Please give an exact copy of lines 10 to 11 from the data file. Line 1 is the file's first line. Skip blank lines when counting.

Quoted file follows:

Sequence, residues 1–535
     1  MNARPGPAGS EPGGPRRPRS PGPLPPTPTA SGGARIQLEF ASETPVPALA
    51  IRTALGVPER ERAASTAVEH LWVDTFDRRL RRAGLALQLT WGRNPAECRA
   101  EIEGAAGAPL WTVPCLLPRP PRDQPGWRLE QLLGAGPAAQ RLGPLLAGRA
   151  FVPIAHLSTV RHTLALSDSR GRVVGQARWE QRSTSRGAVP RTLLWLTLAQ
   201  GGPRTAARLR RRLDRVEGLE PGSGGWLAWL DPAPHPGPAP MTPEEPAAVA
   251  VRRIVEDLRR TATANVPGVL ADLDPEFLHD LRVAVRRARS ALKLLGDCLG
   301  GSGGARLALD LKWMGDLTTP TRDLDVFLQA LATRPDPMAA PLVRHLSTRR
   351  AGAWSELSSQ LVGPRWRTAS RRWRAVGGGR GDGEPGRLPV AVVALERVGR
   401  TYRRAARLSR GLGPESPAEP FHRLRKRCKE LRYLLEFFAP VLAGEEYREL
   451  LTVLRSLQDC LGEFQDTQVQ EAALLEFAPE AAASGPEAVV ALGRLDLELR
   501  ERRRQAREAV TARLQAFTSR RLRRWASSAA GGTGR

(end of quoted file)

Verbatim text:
   401  TYRRAARLSR GLGPESPAEP FHRLRKRCKE LRYLLEFFAP VLAGEEYREL
   451  LTVLRSLQDC LGEFQDTQVQ EAALLEFAPE AAASGPEAVV ALGRLDLELR